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Liberia

Yearbook 1996

Liberia. Once again, the hope of peace in the glorified L. failed as fierce fighting broke out in the capital Monrovia in April. A peace agreement signed in 1995 had given the largest militia groups a seat in the government and in the governing council. In addition, the city had been filled by soldiers from various factions. The fighting began when the two dominant militia leaders, Charles Taylor and Alhaji Kromah, sent their men to arrest a third leader, Roosevelt Johnson, whom they accused of murder. Johnson's soldiers made strong resistance and were supported by two other militia recruited from the same people group, Krahn. Johnson's forces took hundreds of people hostage - Liberian civilians, Lebanese businessmen and soldiers from the West African Peace Monitoring Economic Community ECOMOG, the West African States Monitoring Group.

1996 Liberia

According to Countryaah.com, several attempts at ceasefire were almost immediately broken, and the fighting soon degenerated into complete anarchy. Soldiers from all militia looted the city and shot parts of it in ruins. All aid organizations, including the UN, lost all equipment. Food supplies intended for civilian refugees were destroyed. Most foreigners had sought protection at the US embassy and began evacuating after a few days.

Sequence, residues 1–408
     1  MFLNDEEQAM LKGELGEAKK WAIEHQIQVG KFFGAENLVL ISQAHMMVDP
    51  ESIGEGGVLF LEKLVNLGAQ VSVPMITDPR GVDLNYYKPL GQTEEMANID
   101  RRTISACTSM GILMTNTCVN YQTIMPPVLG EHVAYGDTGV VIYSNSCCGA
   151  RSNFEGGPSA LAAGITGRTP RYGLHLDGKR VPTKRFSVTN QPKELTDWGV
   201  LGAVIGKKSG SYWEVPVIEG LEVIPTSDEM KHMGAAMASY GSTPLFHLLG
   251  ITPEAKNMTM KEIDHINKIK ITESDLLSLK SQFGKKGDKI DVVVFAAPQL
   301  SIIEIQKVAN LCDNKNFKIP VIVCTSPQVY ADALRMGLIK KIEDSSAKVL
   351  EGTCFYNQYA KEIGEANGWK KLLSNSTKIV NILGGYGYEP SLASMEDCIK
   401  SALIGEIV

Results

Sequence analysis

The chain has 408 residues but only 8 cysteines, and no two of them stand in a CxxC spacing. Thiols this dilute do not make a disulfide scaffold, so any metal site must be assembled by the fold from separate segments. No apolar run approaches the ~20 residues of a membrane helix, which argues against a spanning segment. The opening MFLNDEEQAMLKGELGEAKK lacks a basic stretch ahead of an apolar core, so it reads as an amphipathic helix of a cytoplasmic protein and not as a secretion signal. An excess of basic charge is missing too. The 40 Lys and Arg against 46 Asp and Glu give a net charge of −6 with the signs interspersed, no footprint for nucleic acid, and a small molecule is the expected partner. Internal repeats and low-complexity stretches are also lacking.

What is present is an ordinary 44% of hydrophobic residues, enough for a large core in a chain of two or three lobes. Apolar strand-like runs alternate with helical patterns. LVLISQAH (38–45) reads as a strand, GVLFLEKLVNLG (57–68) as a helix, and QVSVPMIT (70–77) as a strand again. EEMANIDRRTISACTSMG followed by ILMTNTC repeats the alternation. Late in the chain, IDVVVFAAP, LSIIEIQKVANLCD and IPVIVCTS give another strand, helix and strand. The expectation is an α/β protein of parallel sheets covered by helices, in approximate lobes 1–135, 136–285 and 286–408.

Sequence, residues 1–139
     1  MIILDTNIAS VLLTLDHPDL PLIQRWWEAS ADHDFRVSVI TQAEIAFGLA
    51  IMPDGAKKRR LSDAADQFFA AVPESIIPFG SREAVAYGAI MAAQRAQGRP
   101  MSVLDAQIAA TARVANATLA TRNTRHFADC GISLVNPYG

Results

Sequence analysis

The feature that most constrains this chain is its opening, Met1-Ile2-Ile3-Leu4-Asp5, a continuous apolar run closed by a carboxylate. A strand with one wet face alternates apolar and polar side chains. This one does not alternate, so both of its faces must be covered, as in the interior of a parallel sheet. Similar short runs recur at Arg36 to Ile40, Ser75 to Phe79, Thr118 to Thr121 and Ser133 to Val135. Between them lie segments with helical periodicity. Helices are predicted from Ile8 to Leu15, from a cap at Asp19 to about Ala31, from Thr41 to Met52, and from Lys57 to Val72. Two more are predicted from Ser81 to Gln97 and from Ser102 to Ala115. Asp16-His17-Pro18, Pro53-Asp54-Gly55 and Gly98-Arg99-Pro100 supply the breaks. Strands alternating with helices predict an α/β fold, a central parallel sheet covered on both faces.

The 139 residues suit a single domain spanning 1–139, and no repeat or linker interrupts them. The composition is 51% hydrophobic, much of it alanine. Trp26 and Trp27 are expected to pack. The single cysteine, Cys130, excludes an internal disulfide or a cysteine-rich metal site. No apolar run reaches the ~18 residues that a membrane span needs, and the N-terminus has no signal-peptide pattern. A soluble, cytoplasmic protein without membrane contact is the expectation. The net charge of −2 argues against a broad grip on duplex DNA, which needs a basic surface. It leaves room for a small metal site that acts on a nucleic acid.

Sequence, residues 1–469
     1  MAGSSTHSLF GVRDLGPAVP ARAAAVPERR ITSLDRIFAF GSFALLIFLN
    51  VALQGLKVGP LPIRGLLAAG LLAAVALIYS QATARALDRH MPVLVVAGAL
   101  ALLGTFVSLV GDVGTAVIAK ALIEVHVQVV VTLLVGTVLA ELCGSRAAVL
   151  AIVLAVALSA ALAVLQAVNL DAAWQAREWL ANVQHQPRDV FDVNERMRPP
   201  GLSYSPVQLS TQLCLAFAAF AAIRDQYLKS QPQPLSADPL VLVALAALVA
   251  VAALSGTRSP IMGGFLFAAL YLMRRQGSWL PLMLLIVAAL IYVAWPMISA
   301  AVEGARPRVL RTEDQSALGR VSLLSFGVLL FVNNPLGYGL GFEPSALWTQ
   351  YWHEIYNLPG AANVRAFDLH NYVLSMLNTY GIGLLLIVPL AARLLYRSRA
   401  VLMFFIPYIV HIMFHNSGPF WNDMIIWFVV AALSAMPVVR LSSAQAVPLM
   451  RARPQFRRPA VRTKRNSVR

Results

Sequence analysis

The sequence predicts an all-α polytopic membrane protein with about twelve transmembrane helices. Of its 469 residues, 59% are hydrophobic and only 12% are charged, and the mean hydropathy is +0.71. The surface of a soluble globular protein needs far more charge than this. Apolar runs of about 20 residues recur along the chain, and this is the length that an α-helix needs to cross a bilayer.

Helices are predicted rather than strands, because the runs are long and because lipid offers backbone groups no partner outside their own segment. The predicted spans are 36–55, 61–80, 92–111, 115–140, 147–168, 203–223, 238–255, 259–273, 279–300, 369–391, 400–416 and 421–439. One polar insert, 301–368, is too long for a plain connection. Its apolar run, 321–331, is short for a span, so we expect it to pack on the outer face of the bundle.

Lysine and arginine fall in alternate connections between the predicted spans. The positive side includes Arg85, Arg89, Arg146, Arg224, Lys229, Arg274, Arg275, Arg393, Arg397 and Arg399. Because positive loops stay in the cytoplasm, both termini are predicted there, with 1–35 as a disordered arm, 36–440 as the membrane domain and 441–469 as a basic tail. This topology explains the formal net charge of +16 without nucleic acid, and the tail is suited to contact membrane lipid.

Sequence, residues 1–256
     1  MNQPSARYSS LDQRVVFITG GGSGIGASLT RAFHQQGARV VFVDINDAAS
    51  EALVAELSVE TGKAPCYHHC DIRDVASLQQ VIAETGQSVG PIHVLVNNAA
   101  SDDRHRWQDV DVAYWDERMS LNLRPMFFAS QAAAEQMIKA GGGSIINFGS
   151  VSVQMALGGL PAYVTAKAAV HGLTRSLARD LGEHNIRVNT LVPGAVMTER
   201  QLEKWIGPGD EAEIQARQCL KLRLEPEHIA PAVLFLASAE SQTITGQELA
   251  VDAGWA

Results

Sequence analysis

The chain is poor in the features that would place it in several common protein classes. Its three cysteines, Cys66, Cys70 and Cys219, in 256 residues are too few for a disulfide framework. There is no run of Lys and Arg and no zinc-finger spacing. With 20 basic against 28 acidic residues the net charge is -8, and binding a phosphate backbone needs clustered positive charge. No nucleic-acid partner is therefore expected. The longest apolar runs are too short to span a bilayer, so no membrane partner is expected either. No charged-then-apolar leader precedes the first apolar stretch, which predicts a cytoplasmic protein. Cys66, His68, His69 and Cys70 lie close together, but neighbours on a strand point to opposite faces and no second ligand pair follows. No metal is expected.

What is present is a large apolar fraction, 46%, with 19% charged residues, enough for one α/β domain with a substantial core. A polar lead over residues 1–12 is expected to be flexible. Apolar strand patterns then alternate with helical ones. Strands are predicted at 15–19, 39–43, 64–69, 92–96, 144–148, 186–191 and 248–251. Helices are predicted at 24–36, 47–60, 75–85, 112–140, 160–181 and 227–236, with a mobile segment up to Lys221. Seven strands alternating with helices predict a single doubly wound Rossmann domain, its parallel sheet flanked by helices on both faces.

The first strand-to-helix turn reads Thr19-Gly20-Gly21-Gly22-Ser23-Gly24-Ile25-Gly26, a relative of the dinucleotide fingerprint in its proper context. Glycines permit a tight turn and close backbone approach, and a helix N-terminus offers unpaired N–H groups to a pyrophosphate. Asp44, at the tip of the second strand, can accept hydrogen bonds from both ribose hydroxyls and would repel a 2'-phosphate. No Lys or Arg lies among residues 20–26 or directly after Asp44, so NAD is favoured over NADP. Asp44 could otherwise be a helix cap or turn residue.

The fighting lasted well into May and forced tens of thousands of people to flee to neighboring countries. Without food or water and under severe sanitary conditions, thousands of people traveled by substandard ships along the West African coast before being allowed to land. Eventually, the fighting erupted, and in August, the parties agreed on a new peace plan drawn up by the Economic Cooperation Organization ECOWAS, the Economic Community of West African States. All militias must have been disarmed by 31 January 1997 and general elections will be held on 31 May 1997. ECOMOG more than doubles to 18,000 men. Former President of the Council, in effect President, was appointed former Senator Ruth Perry.

However, the suspicion between the militias was still great and the disarmament went slow. There is also a great deal of skepticism among the population as to whether this peace plan should really give lasting peace.

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